A few nations have made some credible progress in addressing abuse and violence against girls and women. As per the UN Secretary-General’s “In-Depth Study on All Forms of Violence against Women” in 2006, 89 different countries had successfully implemented legalization on domestic violence. Also, various other countries had implemented national plans of prevention and action.
In nearly 104 states, marital rape is now considered as a prosecutable offense. Also, 90 nations have strict rules to curb sexual harassment. But, still there are many voids or gaps present in other countries’ penal codes. To our astonishment, in 102 nations, there are still no specific legal provisions or laws against domestic violence. Also, in 53 countries marital rape is still not recognized as a prosecutable offense.
Curbing the Gender-Based Violence
In recent times, there are very few interventions which have been scientifically proven effective and useful. Still more resources and laws are required to strengthen the initial prevention of sexual violence and intimate partner – preventing any such occurrence from taking place at all.
The initial prevention strategy with the best-know effectiveness for curbing intimate partner violence is school-based programs. These classes are meant for adolescents in order to prevent abuse and violence within the dating relationships. However, these still remain to be assessed for effectiveness and use in places where resources are still not available to prevent abuse and violence.
Many evidences are emerging about the effectiveness of various other primary prevention plans and strategies – these combine gender equality training with micro finance; that help in promoting relationship skills and communication within communities; that minimize direct access to intoxicating substances like alcohol and drugs; and that change the basic cultural gender norms.
In order to achieve long-lasting, substantial change, it is imperative to develop policies and enact legalizations which protect girls and women; address gender-based discrimination against females and promote gender equality; and enforce the culture to move away from abuse and violence.
An appropriate and immediate response from our health sector can definitely contribute in concrete means to prevent any re-occurrence of abuse and violence. Also, it can help in mitigating further consequences (secondary and tertiary levels of prevention).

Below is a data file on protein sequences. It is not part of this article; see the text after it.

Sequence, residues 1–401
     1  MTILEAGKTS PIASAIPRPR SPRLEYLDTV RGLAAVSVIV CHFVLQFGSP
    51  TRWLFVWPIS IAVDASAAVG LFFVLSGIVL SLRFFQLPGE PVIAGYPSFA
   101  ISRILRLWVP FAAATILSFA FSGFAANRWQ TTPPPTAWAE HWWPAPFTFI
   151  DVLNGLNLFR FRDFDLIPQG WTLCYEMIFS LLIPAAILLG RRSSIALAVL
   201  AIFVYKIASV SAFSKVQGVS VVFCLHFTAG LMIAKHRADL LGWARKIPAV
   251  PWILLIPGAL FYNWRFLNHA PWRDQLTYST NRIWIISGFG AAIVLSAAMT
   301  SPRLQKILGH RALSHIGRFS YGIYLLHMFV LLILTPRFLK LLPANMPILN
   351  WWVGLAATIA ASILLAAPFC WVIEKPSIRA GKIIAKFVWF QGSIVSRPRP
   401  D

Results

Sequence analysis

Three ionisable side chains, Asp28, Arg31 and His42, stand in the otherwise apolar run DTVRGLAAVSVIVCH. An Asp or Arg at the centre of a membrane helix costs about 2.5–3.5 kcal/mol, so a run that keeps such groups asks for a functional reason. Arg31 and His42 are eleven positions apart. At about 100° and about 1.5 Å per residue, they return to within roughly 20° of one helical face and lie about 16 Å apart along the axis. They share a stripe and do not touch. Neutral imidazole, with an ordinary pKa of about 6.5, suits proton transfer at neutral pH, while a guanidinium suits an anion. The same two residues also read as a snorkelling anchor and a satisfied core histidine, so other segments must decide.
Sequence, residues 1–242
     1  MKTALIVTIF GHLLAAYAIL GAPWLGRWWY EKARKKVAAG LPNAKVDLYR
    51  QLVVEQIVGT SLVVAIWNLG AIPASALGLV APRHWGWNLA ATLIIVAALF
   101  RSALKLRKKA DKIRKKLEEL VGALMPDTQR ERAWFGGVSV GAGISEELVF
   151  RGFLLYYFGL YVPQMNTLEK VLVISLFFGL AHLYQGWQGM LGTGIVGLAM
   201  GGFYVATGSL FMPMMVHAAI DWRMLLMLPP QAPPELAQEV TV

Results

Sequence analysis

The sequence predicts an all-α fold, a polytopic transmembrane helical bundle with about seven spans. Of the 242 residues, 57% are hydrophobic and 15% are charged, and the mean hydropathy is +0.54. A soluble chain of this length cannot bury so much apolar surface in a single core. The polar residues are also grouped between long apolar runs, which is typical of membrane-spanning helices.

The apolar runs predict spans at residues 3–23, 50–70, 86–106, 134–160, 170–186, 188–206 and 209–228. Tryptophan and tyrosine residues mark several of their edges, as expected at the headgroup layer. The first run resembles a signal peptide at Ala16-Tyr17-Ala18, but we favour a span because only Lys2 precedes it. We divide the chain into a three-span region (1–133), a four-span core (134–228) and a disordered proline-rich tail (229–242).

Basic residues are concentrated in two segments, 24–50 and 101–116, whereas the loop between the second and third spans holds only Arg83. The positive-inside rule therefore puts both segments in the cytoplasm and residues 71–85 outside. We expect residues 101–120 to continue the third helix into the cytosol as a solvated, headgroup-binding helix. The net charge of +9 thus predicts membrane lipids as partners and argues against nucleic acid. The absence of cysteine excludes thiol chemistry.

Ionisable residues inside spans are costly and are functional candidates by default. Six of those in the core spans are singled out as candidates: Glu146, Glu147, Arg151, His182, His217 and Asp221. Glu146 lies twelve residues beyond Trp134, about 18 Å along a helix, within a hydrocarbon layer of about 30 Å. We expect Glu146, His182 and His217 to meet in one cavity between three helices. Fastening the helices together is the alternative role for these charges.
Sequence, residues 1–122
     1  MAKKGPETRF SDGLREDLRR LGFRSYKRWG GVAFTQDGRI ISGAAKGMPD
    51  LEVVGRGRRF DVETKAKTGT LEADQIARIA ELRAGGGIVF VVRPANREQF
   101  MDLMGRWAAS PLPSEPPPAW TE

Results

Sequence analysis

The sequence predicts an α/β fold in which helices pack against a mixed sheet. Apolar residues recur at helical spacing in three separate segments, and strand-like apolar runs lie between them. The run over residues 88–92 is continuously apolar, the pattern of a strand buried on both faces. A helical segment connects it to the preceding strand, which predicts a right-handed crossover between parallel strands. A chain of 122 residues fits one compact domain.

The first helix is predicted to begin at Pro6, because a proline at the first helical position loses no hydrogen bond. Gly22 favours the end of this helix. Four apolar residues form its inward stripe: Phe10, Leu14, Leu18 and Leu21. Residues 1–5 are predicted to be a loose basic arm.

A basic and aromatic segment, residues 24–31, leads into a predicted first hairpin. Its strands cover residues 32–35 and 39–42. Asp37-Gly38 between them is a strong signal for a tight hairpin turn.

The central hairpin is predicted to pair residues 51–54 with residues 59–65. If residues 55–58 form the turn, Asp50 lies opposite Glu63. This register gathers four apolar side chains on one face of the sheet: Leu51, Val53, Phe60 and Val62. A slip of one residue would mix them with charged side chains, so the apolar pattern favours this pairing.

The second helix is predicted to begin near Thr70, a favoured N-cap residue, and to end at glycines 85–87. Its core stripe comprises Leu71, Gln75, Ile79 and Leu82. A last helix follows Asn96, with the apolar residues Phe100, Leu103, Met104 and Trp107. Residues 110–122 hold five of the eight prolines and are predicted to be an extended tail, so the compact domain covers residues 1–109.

Health education and sensitization is surely a very important strategy to curb abuse and violence. If one wants to fully address the consequences of violence against women and the basic needs of survivors/victims, it is important to have a multi-sectoral response.
We all know the detrimental effects of abuse and violence – on the victim and her children, if she has any. It is not easy to forget the insulting blows and disturbing episodes of any form of abuse and violence. The social stigma attached with these incidents must be eradicated. Women have been subjugated to these heinous acts of crime from time immemorial.
It is about time that we stand up for our basic human rights and implement gender equality at all levels, hierarchies of society. We, the empowered women of this technology-driven and fast-paced age, must know our rights and voice our opinions/concerns when the hour demands.
We must never feel guilty or ashamed to report any form of abuse or violence against women. If you are facing any such problem, remember that you are not alone! All you need to do is stand up for yourself and seek immediate help.
The former UN Secretary-General of UN, Kofi Annan once stated, “Violence against women is perhaps the most shameful human rights violation, and it is perhaps the most pervasive. It knows no boundaries of geography, culture or wealth. As long as it continues, we cannot claim to be making real progress towards equality, development and peace.”